I tried a few approaches but tonight I finally found a successful one. I made a Windows full memory dump of the errant Firefox process, and attached to it with WinDbg. In the still-running Firefox process I then used about:ccdump to identify the address of the leaking DOM object. I was then able to use WinDbg's "s" command to search the entire memory space for occurrences of that address. Then I had to identify each occurrence. For the references the cycle collector knows about, this is easy: about:ccdump reveals the addresses of the referencing objects so you know those memory areas will contain the address of the leaking object. For other occurrences I had to dig around in nearby memory to figure out what sort of object contained the occurrence. Sometimes it's easy because there's a nearby vtable pointer and WinDbg can tell you which class the vtable pointer belongs to (using the "ln" command). Other cases were trickier. For example I found a reference to the leaking object next to a reference to an XPCNativeWrapper, in what looked like an array of similar pairs, and guessed that this was part of the hash table that maps DOM objects to their JS wrappers.

Anyway, I finally identified two references to the leaking DOM object from inside an nsFrameSelection object. These references were buried inside a copy of an nsMouseEvent that nsFrameSelection keeps for obscure reasons --- and did not tell the cycle collector about. Having identified the problem, creating a fix was easy since we don't really need to keep that copy around at all. Hopefully it'll land soon.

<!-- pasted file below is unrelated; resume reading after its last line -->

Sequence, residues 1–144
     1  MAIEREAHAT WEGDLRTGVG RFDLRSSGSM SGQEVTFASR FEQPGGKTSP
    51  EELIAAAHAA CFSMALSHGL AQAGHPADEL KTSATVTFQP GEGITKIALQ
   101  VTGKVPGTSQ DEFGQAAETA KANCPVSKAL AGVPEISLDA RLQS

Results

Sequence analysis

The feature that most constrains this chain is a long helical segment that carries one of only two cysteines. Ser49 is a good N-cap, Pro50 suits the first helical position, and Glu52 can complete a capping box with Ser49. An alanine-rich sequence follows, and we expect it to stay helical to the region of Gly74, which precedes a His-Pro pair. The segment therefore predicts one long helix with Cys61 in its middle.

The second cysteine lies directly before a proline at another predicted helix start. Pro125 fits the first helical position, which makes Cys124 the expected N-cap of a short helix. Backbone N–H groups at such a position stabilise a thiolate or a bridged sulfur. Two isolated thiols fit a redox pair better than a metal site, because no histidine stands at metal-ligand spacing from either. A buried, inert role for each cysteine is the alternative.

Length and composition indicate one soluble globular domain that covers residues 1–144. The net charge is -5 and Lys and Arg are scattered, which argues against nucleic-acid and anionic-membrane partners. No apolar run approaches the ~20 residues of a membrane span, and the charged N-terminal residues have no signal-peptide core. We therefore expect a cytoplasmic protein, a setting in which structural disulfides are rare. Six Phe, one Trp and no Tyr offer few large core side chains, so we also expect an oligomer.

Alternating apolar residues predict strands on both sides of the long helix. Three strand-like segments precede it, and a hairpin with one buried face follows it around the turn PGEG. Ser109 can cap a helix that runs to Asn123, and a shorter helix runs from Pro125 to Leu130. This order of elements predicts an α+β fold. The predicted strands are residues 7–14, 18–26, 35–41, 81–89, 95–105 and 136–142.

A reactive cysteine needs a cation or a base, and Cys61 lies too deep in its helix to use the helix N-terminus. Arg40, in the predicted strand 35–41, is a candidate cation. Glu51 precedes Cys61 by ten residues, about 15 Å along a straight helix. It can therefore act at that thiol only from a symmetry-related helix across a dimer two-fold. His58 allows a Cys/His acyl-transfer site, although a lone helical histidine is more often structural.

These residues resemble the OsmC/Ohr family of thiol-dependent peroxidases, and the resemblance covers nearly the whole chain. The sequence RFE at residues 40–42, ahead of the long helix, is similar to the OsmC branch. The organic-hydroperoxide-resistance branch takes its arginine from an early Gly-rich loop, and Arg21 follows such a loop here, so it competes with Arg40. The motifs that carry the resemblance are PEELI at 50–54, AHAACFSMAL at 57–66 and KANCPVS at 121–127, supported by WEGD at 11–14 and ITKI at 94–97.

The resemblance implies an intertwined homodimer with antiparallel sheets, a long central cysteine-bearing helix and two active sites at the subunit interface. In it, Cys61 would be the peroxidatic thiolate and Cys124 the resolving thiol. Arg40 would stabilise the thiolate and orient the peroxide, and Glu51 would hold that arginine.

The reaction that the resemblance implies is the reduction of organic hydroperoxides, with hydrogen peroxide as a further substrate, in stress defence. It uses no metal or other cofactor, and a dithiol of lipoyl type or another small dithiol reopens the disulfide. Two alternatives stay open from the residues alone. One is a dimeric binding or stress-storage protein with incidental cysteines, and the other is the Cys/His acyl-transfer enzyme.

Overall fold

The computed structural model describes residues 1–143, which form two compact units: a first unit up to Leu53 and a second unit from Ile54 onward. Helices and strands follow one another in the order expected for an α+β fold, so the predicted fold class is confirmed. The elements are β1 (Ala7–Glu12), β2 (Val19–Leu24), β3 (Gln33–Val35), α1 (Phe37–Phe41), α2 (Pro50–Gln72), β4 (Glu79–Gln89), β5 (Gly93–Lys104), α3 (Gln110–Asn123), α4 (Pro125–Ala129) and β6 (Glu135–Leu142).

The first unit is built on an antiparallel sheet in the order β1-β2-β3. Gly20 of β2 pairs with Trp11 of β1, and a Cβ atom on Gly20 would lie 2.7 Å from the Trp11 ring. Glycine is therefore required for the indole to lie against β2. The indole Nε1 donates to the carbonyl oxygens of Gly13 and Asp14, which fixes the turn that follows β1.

WinDbg has awful usability but is quite powerful and can do useful things that Visual Studio's debugger can't. I'm a bit fond of it as the distant descendant of DEBUG.COM and SYMDEB.EXE, which I spent a lot of time with while reverse-engineering and patching MS-DOS binaries (i.e., stripping copy protection from games) in my misspent youth. Too bad the syntax hasn't improved over the years!

Sunday, 20 May 2012

Crosbie's Hut

Around this time last year I took my children to the Pinnacles hut and since then I've wanted to take them on a similar trip again. The Auckland region doesn't have many huts suitable for a one-night overnight tramp --- the Waitakere and Hunua Ranges, and Gulf islands, have many good campsites but no huts --- so I set my sights on Crosbie's Hut, in the same general area as the Pinnacles, near Thames on the Coromandel Peninsula. Unfortunately it's been difficult to get away --- weekends have been very busy, or the weather forecast has been poor, or the hut's been fully booked! This weekend we finally made it.

We entered at the Tapu-Coroglen Road, a bit more than two hours' drive from Auckland, where a track heads south to meet up with tracks from the coast at Te Puru and Waimoa and then to Crosbie's Clearing and the hut. I chose this route because I thought it might be a little easier to start higher above sea level, and because I thought walking across ridges might be less muddy than going up the valleys. It was still rather muddy! I sank in up to my knee at one point which caused some anxiety in the group. The nominal time from the road to the hut was 4 1/2 hours and we took almost exactly that each way. It's very much a tramping track, not a walking track and there's a lot of up-and-down.